“We’re done now,” to quote Big Shaq of the famed ‘Man’s not hot’ hit song. We’re done now with elections and the tension therefrom. But we’re not done with learning from the happenings. Here’s the last lesson; one from the Supreme Court proceedings on how jargon is opaque, a barrier to communication, and how best to avoid it. Yes, your use of jargon loses you sales.. As it did all the arguments by counsel for the first petitioner.
What jargon is and why it should be avoided
Yes, that’s jargon right there. And if I don’t spell it out you’d likely zone out, so here goes. Counsel for the first petitioner (aka lawyers for Raila), busied themselves with trying to prove a fatally flawed process; to prove, as lawyer Willis Otieno chimed, that the IEBC might as well have played, “Inky, pinky, ponky…” to decide the winner instead of “bungle the billion shillings worth Presidential Elections”. His counterpart Phillip Murgor went full mode jargon with technical terms like jpeg, cvs, pdf, and hacking. Plenty technical IT language was used. And most Kenyans were lost or, as was later said, left in shock and awe, which incidentally, experts say was the lawyers’ intention in the first place.
Why it is important to simplify your language
So, anyway, Justice Smokin Wanjala sought clarity without using any jargon. Notice how he avoids using the words jpeg, hack, transmit, etc. “If I understand this correctly, the filled original Form 34A leaves the polling station to go to the national tallying centre by road, let’s say, for ease of understanding. Its image leaves to go to the same destination but this time by air.
Somewhere along the way, in mid-air, the image is captured. And then all sorts of things are done, before it is re-uploaded. Which means therefore, if you go to that captured image, which has been re-uploaded, you will find, different content from what it had at the polling station. So to determine whether that has actually taken place, you would have to go now to the tallying centre, and locate that one that left by road, and compare. Is it possible that, that capturing in mid-air, also somehow, magically, changes the content of the one that left by road?”
Using jargon loses sales
With that simplified explanation, not only did the lost Kenyans find their way, there was no coming back from that one for the Raila legal team (aka counsel for the petitioners). The explanation (sale) was so simplified all the shock and awe (tactics intended to intimidate) just went out the window. This is why it is desirable to avoid the use of jargon when selling. Customers understand you; they ‘get it’. Your use of jargon could lose you sales as customers don’t get it. Read how here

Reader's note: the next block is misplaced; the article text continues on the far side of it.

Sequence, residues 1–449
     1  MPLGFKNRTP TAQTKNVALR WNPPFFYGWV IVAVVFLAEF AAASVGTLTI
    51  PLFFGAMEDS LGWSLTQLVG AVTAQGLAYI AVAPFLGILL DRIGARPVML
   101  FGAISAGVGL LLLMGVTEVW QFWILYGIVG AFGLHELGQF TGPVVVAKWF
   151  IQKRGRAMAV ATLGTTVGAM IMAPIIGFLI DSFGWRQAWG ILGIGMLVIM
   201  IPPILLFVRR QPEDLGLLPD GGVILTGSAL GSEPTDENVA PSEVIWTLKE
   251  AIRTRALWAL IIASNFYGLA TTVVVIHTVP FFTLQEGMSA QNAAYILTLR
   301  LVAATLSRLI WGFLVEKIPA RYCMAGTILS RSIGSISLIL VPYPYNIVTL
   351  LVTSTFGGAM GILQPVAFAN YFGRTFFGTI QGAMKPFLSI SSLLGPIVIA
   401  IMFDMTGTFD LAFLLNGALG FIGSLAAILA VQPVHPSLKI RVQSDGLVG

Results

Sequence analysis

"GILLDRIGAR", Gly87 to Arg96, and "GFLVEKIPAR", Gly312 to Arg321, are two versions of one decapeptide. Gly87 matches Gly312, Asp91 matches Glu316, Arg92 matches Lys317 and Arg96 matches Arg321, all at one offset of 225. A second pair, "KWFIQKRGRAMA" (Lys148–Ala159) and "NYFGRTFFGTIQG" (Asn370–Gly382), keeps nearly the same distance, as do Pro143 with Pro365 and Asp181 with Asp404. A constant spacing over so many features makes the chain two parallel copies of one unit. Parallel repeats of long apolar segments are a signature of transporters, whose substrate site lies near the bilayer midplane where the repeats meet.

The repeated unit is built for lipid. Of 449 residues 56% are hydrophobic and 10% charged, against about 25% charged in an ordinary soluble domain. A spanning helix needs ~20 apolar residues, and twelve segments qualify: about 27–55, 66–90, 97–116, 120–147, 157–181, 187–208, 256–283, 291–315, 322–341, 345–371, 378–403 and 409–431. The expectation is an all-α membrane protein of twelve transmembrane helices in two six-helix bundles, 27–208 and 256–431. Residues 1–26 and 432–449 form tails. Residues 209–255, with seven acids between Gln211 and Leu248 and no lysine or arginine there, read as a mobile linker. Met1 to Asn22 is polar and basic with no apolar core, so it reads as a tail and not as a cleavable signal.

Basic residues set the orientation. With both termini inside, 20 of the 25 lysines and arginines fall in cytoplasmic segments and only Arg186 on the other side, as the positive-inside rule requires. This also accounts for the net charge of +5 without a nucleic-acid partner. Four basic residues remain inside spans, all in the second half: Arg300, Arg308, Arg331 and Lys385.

Why is jargon important, how an example demystifies it and using ‘what this means’
Now then. What should you use instead of jargon? Listen to Eric Gumbo, one of the lawyers for the IEBC, demystify “secured and double layered with firewall” and “encryption of the image of Form 34A during transmission.” First off, stating these as jargon, was important to establish the technical position and fact. Then knowing he wasn’t getting through to the judges, he started with, “If I was to use an example, if it was to be a water pipe, and it is to be encrypted, it means if you broke into that water pipe, and because we all know that the chemical formula of water is H2O, you’ll get your hydrogen on one side and your oxygen on one side. It then means you won’t make sense of that water that you are looking for.” They got it. Using jargon loses sales; an example mitigates this risk.
Then there was the colourful example to illustrate authorized access as opposed to hacking, “A plumber who is in your bathroom when you’re showering after fixing your shower is no longer a plumber, he is a sexual offender and should be reported.”
The foregoing examples are what to avoid jargon means.
Avoid using jargon with customers; using jargon loses sales
Shock and awe, I’m told, is a strategy in law when you have no substance to back your claims. As Dr. Duncan Ojwang (Dean, School of Law at Africa Nazarene University) put it on an interview on KTN, “In law we are taught that If you don’t have facts hammer the law,if you don’t have the law, hammer the table”
However, this use if jargon to shock and awe is not advisable when selling. Eliminate it. Incidentally, turns out even in law, it can backfire spectacularly when your audience sees through it. As did the judges, as captured in their unanimous pronouncement (sorry, verdict), read out by the Chief Justice Martha Koome. “Sensational as the arguments were, there was no credible evidence to prove it happened; nothing to back the claims. We were taken us on a wild goose chase that yielded nothing of value. The claim was just another red herring. So the court dismissed it as hot air.”
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